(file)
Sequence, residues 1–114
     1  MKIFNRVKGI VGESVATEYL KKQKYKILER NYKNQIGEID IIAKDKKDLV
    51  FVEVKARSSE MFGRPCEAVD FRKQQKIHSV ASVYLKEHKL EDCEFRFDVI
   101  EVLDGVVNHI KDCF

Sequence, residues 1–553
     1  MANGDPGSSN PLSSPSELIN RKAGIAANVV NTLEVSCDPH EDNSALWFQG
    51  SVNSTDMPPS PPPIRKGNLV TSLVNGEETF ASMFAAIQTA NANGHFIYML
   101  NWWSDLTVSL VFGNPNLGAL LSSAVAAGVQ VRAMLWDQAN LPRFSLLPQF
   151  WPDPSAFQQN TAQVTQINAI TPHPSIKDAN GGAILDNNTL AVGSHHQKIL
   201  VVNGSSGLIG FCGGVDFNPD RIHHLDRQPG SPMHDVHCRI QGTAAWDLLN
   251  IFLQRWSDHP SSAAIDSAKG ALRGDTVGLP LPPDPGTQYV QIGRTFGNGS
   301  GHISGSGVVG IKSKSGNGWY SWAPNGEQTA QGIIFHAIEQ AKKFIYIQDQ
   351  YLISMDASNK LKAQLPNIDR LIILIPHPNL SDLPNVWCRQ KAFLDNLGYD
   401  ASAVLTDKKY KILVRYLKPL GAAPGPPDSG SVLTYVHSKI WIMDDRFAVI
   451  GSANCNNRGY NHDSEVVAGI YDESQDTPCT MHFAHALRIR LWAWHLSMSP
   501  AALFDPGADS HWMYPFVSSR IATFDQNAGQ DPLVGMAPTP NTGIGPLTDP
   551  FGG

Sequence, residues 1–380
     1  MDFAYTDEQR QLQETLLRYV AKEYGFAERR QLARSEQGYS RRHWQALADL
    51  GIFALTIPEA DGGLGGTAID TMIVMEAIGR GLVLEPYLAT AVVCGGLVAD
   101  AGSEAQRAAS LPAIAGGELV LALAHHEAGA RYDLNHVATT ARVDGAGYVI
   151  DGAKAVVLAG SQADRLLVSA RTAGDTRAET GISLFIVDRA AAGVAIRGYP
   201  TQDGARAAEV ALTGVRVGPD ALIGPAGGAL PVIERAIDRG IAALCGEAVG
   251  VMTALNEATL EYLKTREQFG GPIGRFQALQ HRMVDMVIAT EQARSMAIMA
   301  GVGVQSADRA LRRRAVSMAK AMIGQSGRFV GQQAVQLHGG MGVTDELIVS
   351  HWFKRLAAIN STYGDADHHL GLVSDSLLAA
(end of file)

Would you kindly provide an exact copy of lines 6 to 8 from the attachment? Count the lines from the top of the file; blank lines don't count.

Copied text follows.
     1  MANGDPGSSN PLSSPSELIN RKAGIAANVV NTLEVSCDPH EDNSALWFQG
    51  SVNSTDMPPS PPPIRKGNLV TSLVNGEETF ASMFAAIQTA NANGHFIYML
   101  NWWSDLTVSL VFGNPNLGAL LSSAVAAGVQ VRAMLWDQAN LPRFSLLPQF